Over the last few decades we have made progress when it comes to equality, although the change is sketchy and it seems in stasis or decline (McKInsey/Lean in 2018). There are more women in the workforce than ever before, yet there remains a dearth of women in boardrooms. The Hampton-Alexander Review of women in leadership positions in the FTSE 350 paints a grim picture, showing that while as of 2018 the number of all-male boardrooms in the FTSE 350 was down to just five, to hit the government's 2020 targets for 33% female boardrooms, 50 percent of future appointments would need to be female.
Men are strong, resilient and lack emotions. Women are overly-sensitive, fragile and talk too much.
“One of the secret benefits of using remote workers is that the work itself becomes the yardstick to judge someone’s performance.” — Jason Fried, Published Author of Office Not Required.
A recent study conducted by Switzerland-based service office provider IWG showed that 70% of professionals today work remotely. A recent article from Forbes also claimed that 50% of the US workforce is projected to be going remote soon.
The modern notion of diversity envelopes not only, race, gender and religious backgrounds, but also socio-economic and cultural differences, age and personality differences, skill sets, education … because all these differences bring diversity of thought. Diversity within an organisation is about the promotion of individuality, it’s about recognising the value that each individual has to offer.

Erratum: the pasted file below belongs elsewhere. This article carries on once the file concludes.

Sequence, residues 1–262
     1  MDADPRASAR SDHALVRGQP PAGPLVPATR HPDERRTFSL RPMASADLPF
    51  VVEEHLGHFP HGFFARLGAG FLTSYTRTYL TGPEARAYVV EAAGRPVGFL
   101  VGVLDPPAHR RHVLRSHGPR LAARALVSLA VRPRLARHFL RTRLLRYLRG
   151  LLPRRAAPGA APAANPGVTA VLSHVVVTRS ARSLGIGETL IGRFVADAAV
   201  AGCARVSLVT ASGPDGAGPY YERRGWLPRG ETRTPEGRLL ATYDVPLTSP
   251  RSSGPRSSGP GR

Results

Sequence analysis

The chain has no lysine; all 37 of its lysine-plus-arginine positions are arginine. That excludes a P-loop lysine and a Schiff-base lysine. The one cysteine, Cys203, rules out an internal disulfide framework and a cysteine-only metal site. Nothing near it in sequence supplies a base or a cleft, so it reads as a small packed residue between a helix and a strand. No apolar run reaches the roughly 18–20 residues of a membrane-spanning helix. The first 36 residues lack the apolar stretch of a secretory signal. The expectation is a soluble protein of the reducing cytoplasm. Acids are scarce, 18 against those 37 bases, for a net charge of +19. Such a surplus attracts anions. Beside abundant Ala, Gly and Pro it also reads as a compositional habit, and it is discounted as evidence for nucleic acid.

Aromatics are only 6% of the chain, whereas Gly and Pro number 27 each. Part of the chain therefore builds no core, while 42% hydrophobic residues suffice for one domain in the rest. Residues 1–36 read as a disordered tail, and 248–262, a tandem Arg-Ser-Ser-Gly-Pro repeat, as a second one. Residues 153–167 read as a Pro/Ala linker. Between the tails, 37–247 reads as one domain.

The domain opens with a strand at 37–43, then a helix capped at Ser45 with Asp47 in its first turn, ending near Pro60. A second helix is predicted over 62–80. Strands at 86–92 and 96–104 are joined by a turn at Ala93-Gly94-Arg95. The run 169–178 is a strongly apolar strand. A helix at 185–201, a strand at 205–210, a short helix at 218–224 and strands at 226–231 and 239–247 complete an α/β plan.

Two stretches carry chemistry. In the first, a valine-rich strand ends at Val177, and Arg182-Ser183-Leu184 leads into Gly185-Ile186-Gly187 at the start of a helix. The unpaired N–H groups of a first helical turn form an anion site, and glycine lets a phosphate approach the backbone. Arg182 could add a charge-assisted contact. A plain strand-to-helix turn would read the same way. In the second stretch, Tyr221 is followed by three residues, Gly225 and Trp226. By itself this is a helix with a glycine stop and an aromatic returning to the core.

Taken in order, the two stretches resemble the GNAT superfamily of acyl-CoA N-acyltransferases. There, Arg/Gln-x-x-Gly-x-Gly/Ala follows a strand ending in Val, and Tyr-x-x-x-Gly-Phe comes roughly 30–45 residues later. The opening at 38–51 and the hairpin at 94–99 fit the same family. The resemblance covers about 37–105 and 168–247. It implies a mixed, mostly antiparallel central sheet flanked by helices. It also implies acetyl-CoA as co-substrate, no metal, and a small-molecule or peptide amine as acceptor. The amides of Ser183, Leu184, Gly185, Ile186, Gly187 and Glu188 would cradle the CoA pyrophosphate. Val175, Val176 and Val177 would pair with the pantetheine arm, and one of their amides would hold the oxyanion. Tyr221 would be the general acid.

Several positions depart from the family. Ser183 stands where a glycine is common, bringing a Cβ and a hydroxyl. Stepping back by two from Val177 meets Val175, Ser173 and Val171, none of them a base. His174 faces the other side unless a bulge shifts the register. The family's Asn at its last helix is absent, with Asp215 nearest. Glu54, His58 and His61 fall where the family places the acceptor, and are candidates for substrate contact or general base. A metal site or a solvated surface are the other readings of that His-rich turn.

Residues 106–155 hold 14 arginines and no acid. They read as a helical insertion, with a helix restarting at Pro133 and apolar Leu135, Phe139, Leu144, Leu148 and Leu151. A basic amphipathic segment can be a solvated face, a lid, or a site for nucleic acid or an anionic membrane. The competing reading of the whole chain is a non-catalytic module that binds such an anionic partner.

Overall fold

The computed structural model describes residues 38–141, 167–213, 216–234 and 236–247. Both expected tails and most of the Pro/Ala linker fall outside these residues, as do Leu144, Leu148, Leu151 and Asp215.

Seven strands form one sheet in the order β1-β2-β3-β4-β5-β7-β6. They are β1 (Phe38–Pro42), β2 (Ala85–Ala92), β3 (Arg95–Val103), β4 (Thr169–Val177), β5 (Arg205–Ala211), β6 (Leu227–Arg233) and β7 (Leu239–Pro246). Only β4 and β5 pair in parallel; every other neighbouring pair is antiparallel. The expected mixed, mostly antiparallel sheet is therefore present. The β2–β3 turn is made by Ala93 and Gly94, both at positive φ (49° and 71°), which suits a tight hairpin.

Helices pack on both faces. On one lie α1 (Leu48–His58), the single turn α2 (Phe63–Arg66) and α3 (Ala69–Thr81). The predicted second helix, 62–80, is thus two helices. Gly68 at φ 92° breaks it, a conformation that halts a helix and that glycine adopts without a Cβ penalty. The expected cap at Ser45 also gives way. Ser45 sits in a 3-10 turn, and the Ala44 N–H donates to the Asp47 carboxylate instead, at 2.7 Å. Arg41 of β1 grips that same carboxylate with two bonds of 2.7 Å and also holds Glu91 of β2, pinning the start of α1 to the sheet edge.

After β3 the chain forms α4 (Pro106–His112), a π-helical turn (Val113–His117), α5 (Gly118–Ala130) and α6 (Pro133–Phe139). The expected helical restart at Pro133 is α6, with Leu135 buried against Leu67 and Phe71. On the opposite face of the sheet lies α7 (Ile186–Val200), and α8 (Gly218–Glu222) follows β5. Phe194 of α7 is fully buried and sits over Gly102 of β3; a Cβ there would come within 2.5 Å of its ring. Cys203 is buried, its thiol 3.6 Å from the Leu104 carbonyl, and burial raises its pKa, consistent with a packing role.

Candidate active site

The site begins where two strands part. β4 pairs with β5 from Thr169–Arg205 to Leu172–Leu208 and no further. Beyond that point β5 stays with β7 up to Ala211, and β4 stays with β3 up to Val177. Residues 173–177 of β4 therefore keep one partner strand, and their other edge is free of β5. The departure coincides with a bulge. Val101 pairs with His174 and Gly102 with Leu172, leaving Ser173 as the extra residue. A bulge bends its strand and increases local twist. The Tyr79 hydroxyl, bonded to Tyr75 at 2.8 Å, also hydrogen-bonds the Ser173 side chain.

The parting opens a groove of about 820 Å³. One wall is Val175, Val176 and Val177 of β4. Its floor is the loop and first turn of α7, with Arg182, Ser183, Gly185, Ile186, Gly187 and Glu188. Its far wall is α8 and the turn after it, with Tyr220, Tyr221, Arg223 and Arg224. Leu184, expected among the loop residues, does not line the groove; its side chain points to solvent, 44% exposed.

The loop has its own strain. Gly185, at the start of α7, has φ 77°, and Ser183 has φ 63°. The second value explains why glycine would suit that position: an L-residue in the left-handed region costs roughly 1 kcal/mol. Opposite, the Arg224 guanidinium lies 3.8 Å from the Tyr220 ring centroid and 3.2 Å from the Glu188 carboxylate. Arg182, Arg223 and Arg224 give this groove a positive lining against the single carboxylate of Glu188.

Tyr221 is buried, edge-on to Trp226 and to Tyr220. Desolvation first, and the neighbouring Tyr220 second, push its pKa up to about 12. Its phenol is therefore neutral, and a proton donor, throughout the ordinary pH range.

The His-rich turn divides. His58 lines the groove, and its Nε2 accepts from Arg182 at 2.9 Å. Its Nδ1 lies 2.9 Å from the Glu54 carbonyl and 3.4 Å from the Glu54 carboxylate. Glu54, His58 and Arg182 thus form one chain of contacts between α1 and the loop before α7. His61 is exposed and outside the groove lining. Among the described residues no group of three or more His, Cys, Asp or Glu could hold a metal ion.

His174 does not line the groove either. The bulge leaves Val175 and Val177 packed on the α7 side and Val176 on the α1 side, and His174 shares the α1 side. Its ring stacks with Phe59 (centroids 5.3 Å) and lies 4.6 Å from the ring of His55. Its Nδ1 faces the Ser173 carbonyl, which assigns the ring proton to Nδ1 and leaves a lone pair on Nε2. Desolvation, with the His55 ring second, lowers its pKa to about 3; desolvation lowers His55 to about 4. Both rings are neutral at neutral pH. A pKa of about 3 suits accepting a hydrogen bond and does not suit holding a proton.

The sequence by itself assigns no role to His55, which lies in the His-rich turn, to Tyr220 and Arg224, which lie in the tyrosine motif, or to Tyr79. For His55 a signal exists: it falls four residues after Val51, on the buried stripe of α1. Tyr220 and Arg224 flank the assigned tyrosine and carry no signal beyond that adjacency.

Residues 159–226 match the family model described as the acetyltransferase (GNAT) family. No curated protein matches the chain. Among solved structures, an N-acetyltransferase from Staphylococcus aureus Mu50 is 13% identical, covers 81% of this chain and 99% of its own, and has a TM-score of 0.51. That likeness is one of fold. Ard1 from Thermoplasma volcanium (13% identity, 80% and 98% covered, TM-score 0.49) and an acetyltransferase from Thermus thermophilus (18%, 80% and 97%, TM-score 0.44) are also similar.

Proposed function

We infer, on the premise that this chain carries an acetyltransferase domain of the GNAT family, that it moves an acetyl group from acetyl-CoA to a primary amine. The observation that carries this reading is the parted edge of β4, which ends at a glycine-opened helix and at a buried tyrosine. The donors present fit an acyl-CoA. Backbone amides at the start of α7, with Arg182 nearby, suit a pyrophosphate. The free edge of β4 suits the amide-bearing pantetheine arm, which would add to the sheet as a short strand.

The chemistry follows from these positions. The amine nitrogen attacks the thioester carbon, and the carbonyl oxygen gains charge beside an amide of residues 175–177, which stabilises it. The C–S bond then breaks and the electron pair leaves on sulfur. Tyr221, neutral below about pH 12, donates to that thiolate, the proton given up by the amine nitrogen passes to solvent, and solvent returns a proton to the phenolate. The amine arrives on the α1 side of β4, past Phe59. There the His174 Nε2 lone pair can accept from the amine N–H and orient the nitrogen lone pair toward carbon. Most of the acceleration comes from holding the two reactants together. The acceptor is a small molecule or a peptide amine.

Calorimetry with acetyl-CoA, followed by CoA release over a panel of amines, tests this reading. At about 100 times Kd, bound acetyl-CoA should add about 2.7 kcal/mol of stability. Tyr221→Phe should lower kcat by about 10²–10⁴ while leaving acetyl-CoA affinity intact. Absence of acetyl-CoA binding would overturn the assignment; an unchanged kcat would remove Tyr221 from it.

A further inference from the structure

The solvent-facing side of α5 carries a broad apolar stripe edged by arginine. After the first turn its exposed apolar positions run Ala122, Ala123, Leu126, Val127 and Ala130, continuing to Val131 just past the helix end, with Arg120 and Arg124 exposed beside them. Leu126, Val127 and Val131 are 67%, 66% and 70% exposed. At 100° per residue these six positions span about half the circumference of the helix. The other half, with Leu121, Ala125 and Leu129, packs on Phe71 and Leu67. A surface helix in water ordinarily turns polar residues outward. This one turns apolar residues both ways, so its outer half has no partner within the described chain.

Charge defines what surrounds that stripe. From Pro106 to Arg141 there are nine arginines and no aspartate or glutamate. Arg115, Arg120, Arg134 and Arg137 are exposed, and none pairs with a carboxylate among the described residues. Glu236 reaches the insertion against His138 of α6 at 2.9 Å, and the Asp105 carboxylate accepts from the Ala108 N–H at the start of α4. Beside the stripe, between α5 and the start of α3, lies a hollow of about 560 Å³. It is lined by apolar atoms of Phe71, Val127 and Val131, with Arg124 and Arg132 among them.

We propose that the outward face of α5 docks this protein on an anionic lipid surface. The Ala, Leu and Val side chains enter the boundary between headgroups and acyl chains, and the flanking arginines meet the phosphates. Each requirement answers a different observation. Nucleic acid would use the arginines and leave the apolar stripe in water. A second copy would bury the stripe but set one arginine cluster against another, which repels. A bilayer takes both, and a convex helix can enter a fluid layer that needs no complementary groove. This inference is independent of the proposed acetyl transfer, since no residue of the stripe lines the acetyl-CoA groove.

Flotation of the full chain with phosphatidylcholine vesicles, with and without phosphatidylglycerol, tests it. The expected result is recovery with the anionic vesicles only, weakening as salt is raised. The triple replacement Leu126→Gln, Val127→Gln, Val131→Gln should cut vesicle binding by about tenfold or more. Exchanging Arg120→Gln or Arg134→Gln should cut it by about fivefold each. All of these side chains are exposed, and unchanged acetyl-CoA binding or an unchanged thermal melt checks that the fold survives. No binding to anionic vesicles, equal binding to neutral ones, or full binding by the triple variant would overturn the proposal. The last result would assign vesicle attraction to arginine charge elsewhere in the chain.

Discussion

The one thing that all highly-effective leaders share is a well-defined sense of purpose because this is what drives organisations – it’s like the fuel in the engine to propel everyone in the right direction. Without purpose how do we know where we are going? How do we build a compelling and sustainable business plan? How do we AND our people know what to do next? ‘Purpose’ feeds in to a company’s culture and ensures that team members feel as though they are contributing meaningful work to the end goal.
It seems that, today, change is inevitable. Often, though, it is resisted because it requires us to shift out of our comfort zone. Change brings about a fear of the unknown and a reluctance to face it head on. Great leaders are flexible leaders who are willing to embrace change. They understand that while it may be unnerving, it presents new opportunity to help everyone be more relevant, creative and strategic. They understand that change represents an opening to transform, innovate and ignite growth. A great leader motivates and empowers their team to adapt to change and to find ways to build on the new.
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